Are Graffiti artists social commentators, propaganda artists or vandals?
There is a very fine line between street art being art or vandalism. Personally I feel like it counts as vandalism when you see the random tags on fences and at the back of buildings or in abandoned places but when you see some actual effort put into it then it counts as art whether they’re getting commissioned or not. Overall I feel like they’re social commentators and they have the power to impact a mass group of people. But when it comes to artists like Phibs, I feel like he’s trying to get rid of the stigma that all street art is vandalism by creating amazing art pieces.
When it comes to street art/graffiti, Phibs is among the most renowned and respected names in Australia. His public art is creative and eye-catching in places such as Melbourne and Sydney. In Melbourne he has painted on walls around Fitzroy, an inner suburb within the city, which soon became known as “Phibsroy” by the locals. Phibs was originally from Sydney and came from a strong graffiti background as he was very active in community programs, which intentionally sparked his artistic potential of this now popular art form. Whilst in Sydney he also got commissioned to decorate a number of buildings such as Max Brenner’s in Paddington, the glow café in Newton and a number of alleyways.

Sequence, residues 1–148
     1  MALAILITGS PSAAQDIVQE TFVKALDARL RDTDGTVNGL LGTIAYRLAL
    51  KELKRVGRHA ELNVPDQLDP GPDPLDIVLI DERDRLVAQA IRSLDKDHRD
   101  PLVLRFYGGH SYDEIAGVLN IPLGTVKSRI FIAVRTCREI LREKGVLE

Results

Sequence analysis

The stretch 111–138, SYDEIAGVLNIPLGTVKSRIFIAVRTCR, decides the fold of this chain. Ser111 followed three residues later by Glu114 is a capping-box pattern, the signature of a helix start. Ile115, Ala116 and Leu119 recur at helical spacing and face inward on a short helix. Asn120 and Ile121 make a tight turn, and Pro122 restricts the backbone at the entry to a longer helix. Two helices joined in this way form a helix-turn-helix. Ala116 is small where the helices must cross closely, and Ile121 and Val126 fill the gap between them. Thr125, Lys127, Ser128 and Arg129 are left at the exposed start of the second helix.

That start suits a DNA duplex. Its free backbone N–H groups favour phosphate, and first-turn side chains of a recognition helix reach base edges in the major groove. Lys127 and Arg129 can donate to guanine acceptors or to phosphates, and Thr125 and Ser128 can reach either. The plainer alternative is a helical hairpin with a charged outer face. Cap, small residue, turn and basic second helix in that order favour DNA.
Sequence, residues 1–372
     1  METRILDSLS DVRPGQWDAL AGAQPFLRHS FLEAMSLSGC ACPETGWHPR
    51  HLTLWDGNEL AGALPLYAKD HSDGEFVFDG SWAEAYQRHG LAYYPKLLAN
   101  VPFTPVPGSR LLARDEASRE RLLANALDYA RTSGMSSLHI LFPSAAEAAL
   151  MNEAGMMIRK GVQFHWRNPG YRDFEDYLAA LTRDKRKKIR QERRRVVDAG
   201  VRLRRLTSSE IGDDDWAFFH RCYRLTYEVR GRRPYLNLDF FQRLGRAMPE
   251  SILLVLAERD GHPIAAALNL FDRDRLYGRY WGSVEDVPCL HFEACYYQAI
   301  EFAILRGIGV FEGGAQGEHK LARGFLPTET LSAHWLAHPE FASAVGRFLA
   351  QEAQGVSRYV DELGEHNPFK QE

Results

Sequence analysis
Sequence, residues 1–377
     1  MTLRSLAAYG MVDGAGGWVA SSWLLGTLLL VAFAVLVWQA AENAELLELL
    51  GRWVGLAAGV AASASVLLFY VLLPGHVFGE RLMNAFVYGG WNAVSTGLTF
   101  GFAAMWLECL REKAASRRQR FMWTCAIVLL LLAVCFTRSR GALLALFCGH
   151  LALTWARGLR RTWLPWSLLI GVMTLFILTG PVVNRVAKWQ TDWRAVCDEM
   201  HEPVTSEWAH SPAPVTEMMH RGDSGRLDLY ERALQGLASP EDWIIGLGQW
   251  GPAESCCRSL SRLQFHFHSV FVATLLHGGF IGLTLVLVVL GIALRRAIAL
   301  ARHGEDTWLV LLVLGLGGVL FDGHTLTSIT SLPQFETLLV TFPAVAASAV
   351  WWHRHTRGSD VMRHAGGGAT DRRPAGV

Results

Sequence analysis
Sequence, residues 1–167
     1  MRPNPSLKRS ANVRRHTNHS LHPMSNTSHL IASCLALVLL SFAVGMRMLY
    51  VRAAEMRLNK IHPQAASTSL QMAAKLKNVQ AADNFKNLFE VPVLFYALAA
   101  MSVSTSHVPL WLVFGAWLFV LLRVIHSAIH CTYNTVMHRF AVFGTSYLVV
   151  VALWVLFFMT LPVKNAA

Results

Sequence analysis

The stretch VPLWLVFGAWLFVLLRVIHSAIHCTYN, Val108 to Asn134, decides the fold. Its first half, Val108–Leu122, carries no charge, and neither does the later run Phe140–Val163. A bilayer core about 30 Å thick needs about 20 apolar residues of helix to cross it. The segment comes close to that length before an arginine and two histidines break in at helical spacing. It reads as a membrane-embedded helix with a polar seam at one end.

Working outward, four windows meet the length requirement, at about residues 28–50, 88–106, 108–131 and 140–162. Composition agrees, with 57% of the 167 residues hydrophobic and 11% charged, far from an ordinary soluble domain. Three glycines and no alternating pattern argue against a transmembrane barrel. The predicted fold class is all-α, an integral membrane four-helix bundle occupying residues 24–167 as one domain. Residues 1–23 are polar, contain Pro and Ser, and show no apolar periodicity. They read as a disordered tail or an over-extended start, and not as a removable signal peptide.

In 2001 he moved to Melbourne, which exposed him to an ever-evolving Melbourne street art scene and joined the Ever fresh Studio collective along side with street artists, Rone and Mike Makka. It was also here where he made a name within the fine arts world and very quickly became one of the cities most respected and renowned artists – both on and off the streets.
Phibs works signifies the symbiotic. Engaging the urban with the organic. His works comes across in many different mediums and always consistently reflects his own unique realms of mythology, symbolism and multiculturalism. His works incorporate interwoven and overlapping letters and characters. Also largely inspired by nature his works also feature many animals such as fish, foxes and birds in a bright and vibrant mix of complimentary colours. He also explores an interest in shapes by fragmenting and breaking up these subjects. Another theme that can be found in his works is the use of indigenous and tribal motifs, particularly koru style curls.